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Conversations with Kweeng Doll

Today we’d like to introduce you to Kweeng Doll.

Hi Kweeng, it’s an honor to have you on the platform. Thanks for taking the time to share your story with us – to start maybe you can share some of your backstory with our readers?
I was born and slightly raised in Syracuse, NY until the age of 13. I was a part of many shows like school plays, bands, dance troupes and even was a part of my city Irish step team. Yes! Irish Stepping! Not many people know but that’s where it all started. I later then moved to Boston, MA at 13 where My passion for performing lead me to Boston Arts Academy high school. Here I learned to sing, dance, act, and more. I learned about music production and stage production, music theory and ect. I majored in classical and jazz music, also took part of the spiritual ensemble. I had learned so many things there which is where I grew my passion for performance

After graduating, I attended Empire Beauty School. I became a celebrity hairstylist at age 17. I became published in magazines nationally and internationally, won plaques, became the king of fantasy hair. Competed in fantasy hair shows and a stylist to many stars. I later then realized I still wanted to do music soI I turned to my own musical outlets which led me to rap. I released a few freestyles on SoundCloud and I blew up from there. I was opening shows for Cupcakke, Bali baby, Asian Doll, Cuban Doll, Sukihana, with just my freestyle. This was the momentum I needed to move forward and create a team to start releasing my first project. I released it in December 2019 with a sold-out show! Since then, I became the first queer person and rapper to win NPR’s tiny Desk Mass. favorite. I ended up doing a full concert and spread for WBUR/NPR. Since then, I have been working on my new project, which is set to release soon.

I’m sure you wouldn’t say it’s been obstacle free, but so far would you say the journey have been a fairly smooth road?
There has been tons of struggles as a queer artist. I have had producers turn me down due to not wanting to tarnish their brand by working with a queer rapper. People overcharging to work with me because I’m queer. As a queer person, I have to struggle day to day with other people’s opinions. I make music to entertain and to make people move. For me it’s not about being queer it’s about the artistry. There’s been a lot of times where I want to quit, too sometimes it gets overwhelming but I talk with my team and they push me through it. People forget that queer folks are just as important and we have great artistry. I will continue to break down barriers and make way for the people that are afraid to do this. I hope to inspire and give others hope. The fight is not over I have so much more work to do and I’m willing to keep fighting.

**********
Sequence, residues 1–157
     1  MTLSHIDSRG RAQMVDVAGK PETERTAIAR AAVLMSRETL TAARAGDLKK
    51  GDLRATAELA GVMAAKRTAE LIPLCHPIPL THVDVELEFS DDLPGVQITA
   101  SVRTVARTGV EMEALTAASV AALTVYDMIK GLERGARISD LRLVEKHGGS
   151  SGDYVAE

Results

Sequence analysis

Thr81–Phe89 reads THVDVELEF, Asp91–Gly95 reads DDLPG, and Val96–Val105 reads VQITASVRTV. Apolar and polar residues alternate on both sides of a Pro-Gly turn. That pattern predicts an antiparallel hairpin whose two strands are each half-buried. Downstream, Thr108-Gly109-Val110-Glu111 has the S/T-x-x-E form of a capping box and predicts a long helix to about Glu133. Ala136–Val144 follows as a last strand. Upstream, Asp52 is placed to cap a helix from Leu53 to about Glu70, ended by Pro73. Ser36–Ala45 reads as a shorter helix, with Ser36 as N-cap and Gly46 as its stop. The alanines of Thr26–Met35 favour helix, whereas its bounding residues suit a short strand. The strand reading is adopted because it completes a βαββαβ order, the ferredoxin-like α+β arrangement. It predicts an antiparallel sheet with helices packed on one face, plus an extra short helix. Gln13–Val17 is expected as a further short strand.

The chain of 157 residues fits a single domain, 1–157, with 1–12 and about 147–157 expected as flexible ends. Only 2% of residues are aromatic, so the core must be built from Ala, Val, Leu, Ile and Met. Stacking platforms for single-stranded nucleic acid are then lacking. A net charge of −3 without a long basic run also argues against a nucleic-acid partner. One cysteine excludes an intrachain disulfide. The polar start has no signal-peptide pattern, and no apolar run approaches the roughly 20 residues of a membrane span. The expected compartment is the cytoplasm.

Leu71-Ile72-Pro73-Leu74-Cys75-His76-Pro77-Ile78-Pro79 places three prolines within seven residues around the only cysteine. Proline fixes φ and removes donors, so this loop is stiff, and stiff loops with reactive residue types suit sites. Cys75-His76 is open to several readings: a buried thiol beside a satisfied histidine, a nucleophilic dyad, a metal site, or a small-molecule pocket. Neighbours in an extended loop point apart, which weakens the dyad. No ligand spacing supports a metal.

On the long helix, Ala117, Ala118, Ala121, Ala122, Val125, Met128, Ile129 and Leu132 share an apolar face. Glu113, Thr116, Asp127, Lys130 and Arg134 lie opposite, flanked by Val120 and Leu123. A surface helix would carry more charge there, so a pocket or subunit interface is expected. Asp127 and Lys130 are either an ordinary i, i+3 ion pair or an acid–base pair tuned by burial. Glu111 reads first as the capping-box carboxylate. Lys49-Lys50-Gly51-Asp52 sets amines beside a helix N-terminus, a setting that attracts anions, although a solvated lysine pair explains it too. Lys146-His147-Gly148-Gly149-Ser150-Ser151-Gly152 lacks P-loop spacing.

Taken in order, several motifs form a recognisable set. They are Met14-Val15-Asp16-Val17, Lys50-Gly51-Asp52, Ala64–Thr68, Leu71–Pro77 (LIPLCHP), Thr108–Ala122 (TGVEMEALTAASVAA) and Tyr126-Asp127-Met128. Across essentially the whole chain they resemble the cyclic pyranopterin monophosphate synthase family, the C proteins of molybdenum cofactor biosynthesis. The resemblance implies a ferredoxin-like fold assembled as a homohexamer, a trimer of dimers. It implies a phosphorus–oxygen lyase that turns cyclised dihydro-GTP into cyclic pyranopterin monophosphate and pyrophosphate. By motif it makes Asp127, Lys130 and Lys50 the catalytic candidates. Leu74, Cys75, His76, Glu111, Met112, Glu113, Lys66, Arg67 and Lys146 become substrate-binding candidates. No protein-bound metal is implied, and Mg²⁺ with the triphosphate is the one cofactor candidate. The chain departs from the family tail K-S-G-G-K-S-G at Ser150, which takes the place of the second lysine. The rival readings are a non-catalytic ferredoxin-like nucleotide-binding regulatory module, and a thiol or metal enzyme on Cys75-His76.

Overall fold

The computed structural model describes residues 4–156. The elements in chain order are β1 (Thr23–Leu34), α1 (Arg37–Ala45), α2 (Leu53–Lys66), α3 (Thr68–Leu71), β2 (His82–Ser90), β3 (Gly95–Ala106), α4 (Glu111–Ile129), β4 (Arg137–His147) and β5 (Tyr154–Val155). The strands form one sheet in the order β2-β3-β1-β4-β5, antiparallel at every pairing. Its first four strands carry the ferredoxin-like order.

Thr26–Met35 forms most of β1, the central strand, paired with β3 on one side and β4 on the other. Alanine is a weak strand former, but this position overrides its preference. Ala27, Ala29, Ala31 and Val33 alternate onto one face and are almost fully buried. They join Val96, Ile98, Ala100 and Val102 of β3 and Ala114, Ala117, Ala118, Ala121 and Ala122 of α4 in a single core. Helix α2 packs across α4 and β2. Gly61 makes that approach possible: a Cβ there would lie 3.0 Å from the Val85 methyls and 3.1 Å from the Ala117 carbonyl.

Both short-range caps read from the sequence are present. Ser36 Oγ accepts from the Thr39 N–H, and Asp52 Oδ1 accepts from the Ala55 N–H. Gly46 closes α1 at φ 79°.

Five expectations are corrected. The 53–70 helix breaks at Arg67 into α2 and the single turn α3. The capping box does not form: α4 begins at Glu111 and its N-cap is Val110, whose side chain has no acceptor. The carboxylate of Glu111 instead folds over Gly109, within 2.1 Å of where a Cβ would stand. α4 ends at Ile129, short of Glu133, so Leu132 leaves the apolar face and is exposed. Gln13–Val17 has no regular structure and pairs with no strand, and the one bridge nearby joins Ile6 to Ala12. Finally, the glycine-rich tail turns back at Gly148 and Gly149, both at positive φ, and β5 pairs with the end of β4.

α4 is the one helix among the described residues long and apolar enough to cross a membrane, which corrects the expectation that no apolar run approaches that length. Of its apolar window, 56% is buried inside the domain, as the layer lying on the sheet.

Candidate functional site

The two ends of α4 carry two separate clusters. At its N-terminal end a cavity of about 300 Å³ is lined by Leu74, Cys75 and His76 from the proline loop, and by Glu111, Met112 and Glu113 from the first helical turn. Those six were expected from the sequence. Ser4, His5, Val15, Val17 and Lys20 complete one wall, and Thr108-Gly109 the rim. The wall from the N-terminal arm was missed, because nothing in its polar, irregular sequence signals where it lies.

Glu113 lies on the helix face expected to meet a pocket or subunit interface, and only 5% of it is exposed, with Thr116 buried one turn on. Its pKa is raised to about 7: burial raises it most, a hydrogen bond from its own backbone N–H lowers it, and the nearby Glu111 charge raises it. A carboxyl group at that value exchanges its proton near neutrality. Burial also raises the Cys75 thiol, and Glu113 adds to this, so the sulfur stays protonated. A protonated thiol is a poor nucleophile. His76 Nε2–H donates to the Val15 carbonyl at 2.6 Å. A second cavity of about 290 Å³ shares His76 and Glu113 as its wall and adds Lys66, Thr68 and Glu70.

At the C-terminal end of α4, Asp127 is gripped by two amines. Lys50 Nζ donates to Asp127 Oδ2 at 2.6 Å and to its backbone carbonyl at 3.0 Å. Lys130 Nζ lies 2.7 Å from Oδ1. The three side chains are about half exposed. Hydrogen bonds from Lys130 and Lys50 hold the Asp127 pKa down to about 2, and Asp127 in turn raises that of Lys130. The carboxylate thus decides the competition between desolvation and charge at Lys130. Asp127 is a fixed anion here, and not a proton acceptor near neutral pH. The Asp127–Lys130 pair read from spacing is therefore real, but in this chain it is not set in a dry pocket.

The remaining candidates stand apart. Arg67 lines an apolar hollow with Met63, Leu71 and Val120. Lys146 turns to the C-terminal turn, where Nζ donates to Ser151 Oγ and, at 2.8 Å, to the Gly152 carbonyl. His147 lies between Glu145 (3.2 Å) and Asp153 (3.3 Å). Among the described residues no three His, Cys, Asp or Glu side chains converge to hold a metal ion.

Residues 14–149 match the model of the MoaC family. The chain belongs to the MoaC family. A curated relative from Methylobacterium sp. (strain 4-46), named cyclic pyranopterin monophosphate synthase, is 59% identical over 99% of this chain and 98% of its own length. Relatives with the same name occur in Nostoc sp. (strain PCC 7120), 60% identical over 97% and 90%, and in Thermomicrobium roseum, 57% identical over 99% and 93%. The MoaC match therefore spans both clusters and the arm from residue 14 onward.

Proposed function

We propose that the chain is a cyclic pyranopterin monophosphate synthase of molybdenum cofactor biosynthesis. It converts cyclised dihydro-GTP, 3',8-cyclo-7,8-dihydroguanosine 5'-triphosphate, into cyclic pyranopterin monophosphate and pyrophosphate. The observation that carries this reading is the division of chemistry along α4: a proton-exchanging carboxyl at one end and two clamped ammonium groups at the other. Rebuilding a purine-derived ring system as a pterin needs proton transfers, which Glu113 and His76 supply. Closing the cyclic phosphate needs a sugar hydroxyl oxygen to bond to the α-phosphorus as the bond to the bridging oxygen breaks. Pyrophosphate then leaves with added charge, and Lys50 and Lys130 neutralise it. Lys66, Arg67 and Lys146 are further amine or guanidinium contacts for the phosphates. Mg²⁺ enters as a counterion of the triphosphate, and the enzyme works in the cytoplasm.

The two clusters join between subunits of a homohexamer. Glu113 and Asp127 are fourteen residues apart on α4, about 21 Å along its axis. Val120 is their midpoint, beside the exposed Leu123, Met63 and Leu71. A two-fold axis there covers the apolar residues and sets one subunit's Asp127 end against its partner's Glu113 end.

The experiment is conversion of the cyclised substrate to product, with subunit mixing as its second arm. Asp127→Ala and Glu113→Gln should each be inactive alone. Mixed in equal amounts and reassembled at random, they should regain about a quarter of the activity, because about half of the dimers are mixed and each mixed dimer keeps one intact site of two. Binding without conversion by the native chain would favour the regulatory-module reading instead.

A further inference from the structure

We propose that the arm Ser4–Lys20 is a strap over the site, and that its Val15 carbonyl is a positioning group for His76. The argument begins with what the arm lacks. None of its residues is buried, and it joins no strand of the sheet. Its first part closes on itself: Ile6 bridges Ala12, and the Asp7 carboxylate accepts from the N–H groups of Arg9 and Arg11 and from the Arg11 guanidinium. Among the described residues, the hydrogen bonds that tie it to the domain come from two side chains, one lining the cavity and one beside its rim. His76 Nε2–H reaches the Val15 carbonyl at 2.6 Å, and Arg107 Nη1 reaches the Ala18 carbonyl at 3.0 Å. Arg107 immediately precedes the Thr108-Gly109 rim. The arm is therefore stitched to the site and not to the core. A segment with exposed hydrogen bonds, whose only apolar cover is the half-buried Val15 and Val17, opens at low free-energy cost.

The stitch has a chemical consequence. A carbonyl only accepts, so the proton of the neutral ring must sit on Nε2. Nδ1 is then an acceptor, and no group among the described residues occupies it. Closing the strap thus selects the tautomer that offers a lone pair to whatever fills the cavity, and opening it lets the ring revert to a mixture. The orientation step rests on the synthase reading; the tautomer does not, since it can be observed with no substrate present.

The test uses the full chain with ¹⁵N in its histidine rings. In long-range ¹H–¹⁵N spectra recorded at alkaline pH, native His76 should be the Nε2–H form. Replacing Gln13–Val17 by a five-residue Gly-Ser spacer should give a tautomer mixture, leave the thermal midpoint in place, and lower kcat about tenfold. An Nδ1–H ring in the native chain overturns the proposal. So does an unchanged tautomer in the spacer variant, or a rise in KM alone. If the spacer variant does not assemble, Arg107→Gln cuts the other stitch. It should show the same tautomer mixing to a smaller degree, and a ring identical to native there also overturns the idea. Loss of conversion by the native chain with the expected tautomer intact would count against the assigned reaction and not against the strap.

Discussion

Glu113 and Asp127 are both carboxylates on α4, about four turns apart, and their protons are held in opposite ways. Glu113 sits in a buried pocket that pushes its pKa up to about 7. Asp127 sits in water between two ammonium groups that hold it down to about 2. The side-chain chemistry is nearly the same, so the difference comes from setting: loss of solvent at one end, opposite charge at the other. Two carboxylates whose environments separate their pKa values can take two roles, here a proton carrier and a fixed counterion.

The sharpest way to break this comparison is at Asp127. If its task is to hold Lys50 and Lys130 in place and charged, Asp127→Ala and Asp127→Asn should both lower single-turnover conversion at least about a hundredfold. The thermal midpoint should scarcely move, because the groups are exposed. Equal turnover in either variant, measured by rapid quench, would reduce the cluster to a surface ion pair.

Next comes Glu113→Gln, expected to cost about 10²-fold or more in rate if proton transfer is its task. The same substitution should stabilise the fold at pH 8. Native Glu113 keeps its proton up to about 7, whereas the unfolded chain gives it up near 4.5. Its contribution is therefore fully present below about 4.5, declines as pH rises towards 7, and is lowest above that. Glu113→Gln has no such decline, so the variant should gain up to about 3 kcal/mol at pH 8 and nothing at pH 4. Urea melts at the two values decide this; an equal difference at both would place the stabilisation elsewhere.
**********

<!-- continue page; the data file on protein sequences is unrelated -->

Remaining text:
As you know, we’re big fans of you and your work. For our readers who might not be as familiar what can you tell them about what you do?
What sets me apart from others is my unique esthetic and my sound. I have a very different sound it mixes hard rap with bounce. Bounce being New Orleans-inspired music. I have very hard spitting and combative rhymes, which normally people nowadays aren’t doing. Not a lot of people are rapping. I can proudly say I can step into a cypher and will be able to handle myself. My look is also very astonishing and eye catching which may draw people in. I’m most proud of how far I’ve come it’s been a long journey and to be only two years in I feel like I’ve accomplished so much and performed and met amazing celebrities and artists. I have walked red carpets, headline plenty of shows and I give back to many communities. I donate money to charity very often and host you drives for shelters. I am also proud of my tiny desk win. I was really proud of that my team and family had a small party celebration. Being a queer rapper, it is nice to get recognition for what I do because we often don’t get any. I recently just had a concert in a small town called Billerica in Massachusetts for the United States Veterans where they awarded me for my outstanding work & my contribution to keeping their post open. I was able to raise money for them so they didn’t have to shut down.

Where we are in life is often partly because of others. Who/what else deserves credit for how your story turned out?
My biggest supporter besides my immediate family is my gay mother/mentor, Big Freedia. A lot of how I carry myself how I handle my team comes from her. Whoever I am ready to call it quits I know I give her a ring and she will be able to give me the advice I need. She is so supportive and loving. My team also keeps me going as my backend and supports me anytime I need something my team is there figuring it out. I can not forget my outstanding supporters who push me to keep going as well! I am forever grateful and humbled.

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